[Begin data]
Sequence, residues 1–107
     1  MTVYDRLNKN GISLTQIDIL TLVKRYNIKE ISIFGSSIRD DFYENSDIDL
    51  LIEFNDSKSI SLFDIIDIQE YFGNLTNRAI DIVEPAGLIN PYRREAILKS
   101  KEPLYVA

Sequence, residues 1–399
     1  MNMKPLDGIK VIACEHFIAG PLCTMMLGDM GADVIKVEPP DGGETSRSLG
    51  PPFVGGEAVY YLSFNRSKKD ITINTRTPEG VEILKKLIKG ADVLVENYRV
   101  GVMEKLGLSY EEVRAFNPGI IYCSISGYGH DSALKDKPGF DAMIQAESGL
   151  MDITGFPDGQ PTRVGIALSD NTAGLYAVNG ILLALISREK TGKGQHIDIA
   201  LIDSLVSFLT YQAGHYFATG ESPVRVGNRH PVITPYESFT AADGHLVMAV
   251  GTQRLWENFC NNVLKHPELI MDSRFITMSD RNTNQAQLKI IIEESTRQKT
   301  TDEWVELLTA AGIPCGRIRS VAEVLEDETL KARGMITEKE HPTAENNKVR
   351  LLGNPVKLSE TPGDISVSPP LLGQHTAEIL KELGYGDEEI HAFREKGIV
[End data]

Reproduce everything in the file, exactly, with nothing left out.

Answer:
Sequence, residues 1–107
     1  MTVYDRLNKN GISLTQIDIL TLVKRYNIKE ISIFGSSIRD DFYENSDIDL
    51  LIEFNDSKSI SLFDIIDIQE YFGNLTNRAI DIVEPAGLIN PYRREAILKS
   101  KEPLYVA

Sequence, residues 1–399
     1  MNMKPLDGIK VIACEHFIAG PLCTMMLGDM GADVIKVEPP DGGETSRSLG
    51  PPFVGGEAVY YLSFNRSKKD ITINTRTPEG VEILKKLIKG ADVLVENYRV
   101  GVMEKLGLSY EEVRAFNPGI IYCSISGYGH DSALKDKPGF DAMIQAESGL
   151  MDITGFPDGQ PTRVGIALSD NTAGLYAVNG ILLALISREK TGKGQHIDIA
   201  LIDSLVSFLT YQAGHYFATG ESPVRVGNRH PVITPYESFT AADGHLVMAV
   251  GTQRLWENFC NNVLKHPELI MDSRFITMSD RNTNQAQLKI IIEESTRQKT
   301  TDEWVELLTA AGIPCGRIRS VAEVLEDETL KARGMITEKE HPTAENNKVR
   351  LLGNPVKLSE TPGDISVSPP LLGQHTAEIL KELGYGDEEI HAFREKGIV